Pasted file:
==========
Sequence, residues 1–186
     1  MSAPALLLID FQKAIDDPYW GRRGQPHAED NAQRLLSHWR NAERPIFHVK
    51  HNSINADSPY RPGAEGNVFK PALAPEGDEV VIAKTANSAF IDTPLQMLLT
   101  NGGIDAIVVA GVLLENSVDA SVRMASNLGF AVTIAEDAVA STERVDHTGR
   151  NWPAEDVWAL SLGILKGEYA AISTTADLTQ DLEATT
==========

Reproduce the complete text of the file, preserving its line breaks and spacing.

Sequence, residues 1–186
     1  MSAPALLLID FQKAIDDPYW GRRGQPHAED NAQRLLSHWR NAERPIFHVK
    51  HNSINADSPY RPGAEGNVFK PALAPEGDEV VIAKTANSAF IDTPLQMLLT
   101  NGGIDAIVVA GVLLENSVDA SVRMASNLGF AVTIAEDAVA STERVDHTGR
   151  NWPAEDVWAL SLGILKGEYA AISTTADLTQ DLEATT